Regenerative Farming for Healthier Soil and Healthier Food

In 1968 , Paul Ehrlich predicted that the rapidly growing world population would soon overwhelm the ability to produce enough food to feed itself. His enormously influential book The Population Bomb, Ehrlich paints a Malthusian vision of mass starvation.

The first sentence set the tone: “The battle to feed all of humanity is over.” And humanity had lost. In the 1970s, the book promised, “hundreds of millions of people are going to starve to death.” No matter what people do, “nothing can prevent a substantial increase in the world death rate.”

But other forces were at work. In the 1940’s an American Scientist, Norman Borlaug, began experimenting with wheat varieties in Mexico, and produced a disease resistant strain.

By combining Borlaug’s wheat varieties with new mechanized agricultural technologies, Mexico was able to produce more wheat than was needed by its own citizens, leading to them becoming an exporter of wheat by the 1960s. Prior to the use of these varieties, the country was importing almost half of its wheat supply.

And this was the start of what became known as the Green Revolution. New strains of wheat, rice, and corn were developed that had significantly higher yields per acre than previous strains. These strains required high usage of nitrogen fertilizer and industrial pesticides Supported by the Rockefeller and Ford Foundations, these techniques soon began to dominate agriculture in much of the world These Green Revolution techniques have dramatically increased crop yields for rice and wheat throughout the world. Green Revolution advocates point out that the spread of these intensive farming techniques and the higher output they have produced have sustained a growing world population,

Countries all over the world, in turn, benefited from the Green Revolution work conducted by Borlaug and this research institution. India, for example, was on the brink of mass famine in the early 1960s because of its rapidly growing population. Borlaug and the Ford Foundation then implemented research there and they developed a new variety of rice, IR8, that produced more grain per plant when grown with irrigation and fertilizers. Today, India is one of the world’s leading rice producers and IR8 rice usage spread throughout Asia in the decades following the rice’s development in India.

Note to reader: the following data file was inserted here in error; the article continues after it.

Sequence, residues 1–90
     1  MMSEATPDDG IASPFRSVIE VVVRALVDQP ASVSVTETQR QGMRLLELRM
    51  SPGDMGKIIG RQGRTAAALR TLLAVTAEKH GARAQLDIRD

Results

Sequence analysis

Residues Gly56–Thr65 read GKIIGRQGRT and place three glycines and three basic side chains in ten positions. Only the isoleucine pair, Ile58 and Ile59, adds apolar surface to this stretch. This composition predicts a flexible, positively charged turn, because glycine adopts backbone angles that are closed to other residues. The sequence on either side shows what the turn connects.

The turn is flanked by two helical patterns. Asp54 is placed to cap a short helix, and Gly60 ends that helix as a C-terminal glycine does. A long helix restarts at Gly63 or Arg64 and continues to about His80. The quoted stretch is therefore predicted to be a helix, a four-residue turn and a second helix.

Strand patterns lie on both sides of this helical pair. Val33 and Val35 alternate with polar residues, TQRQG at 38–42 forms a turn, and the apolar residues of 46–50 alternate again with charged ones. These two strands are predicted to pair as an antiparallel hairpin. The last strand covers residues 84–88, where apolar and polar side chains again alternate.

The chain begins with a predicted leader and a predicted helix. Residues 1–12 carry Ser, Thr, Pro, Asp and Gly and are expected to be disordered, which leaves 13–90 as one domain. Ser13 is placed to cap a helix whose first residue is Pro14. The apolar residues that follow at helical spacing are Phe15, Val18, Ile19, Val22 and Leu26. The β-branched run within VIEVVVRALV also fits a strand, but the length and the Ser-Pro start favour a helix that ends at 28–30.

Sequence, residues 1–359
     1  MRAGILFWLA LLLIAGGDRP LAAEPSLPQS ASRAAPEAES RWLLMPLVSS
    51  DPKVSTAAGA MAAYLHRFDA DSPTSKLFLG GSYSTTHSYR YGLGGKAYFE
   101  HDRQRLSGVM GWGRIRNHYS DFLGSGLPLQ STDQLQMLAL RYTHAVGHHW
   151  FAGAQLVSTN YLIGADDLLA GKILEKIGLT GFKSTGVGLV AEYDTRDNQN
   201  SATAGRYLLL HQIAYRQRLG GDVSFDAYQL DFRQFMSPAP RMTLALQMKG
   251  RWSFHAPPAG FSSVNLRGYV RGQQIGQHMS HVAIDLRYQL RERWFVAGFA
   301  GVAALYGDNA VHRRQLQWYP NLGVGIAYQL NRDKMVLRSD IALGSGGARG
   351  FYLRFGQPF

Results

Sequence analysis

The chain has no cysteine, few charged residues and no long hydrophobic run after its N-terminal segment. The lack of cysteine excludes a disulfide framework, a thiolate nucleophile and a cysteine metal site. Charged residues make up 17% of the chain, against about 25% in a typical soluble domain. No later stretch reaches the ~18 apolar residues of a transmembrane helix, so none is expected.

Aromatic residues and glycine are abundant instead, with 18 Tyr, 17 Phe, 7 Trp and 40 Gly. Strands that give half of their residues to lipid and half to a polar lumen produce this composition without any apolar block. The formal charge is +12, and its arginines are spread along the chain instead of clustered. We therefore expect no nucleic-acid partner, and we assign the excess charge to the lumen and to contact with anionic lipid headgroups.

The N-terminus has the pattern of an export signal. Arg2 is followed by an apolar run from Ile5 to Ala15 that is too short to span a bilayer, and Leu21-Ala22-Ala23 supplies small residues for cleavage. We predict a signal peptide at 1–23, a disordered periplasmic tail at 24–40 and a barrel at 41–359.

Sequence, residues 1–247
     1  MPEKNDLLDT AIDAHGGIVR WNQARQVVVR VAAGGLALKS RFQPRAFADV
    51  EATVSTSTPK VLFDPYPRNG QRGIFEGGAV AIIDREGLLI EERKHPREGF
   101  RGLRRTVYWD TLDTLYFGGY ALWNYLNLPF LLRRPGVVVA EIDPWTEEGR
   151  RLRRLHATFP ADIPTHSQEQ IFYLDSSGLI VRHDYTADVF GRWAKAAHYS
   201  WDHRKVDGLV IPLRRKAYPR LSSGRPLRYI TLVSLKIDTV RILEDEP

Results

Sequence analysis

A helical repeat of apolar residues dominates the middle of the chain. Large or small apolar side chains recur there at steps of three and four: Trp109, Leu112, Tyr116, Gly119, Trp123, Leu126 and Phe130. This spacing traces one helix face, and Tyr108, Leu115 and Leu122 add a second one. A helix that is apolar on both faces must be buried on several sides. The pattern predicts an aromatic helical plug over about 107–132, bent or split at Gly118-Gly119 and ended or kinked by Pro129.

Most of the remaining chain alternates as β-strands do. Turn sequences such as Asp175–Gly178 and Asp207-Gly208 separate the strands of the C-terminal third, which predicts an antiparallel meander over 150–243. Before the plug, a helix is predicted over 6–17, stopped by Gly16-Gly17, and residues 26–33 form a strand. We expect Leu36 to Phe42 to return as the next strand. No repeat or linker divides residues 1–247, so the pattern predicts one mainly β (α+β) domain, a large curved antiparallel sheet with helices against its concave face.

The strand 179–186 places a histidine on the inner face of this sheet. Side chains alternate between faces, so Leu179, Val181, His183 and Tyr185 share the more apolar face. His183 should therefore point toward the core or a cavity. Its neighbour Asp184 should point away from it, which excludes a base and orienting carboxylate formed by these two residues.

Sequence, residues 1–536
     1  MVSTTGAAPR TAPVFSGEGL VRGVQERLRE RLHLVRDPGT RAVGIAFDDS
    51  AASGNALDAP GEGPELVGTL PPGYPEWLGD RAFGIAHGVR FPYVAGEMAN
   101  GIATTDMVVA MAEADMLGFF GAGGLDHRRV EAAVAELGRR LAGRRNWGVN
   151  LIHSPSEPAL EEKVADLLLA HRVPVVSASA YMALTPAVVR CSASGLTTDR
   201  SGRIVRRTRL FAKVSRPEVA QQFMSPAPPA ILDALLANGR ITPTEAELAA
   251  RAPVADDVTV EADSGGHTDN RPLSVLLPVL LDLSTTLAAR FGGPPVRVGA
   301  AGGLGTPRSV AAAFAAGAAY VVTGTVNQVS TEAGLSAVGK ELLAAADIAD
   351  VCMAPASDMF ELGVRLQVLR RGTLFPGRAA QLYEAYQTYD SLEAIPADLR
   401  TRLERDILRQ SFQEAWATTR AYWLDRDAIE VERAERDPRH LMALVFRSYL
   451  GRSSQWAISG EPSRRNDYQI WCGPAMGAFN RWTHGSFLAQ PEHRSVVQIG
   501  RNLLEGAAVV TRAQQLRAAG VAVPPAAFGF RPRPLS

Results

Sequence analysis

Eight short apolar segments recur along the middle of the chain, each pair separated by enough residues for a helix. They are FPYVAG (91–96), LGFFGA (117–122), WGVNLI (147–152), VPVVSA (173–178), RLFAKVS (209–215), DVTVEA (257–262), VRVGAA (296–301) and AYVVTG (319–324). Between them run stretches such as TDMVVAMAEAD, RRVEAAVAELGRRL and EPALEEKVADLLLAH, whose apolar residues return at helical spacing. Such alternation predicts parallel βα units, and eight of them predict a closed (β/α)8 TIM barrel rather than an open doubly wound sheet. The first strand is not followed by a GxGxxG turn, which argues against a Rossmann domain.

But every advance comes with a cost. The heavy use of fertilizer and pesticides have polluted waterways, causing toxic algae blooms, been heavily implicated in colony collapse disorder and the decline of the honeybee population. Heavy use of pesticides have been linked to health problems in rural populations.

A new study of the Berkley University of California finds that elemental sulfur, one of the most heavily used pesticides to control fungus and pests, is significantly associated to the development of asthma-related symptoms and reduced lung functions in children living in close proximity to the farms where pesticides are used.

And now, a new study indicates that these practices have also deleted soil and produced less healthy and nutritious food. A new series of techniques collectively known as regenerative agriculture uses techniques including no-till, cover crops, and crop rotations, along with the use of natural fertilizers, such as manure and compost, to rebuild the soil. Preliminary results indicate that these techniques produce healthier, more sustainable soil, and more nutritious food

They found crops from regenerative agriculture farms on average had 34 percent more vitamin K, 15 percent more vitamin E, 14 percent more vitamin B1, 17 percent more vitamin B2, 11 percent more calcium, 16 percent more phosphorus and 27 percent more copper. For phytochemicals, there was a range of 15 to 22 percent more in regeneratively farmed foods, depending on the type of compound.

Healthier food, healthier soil, less runoff pollution.

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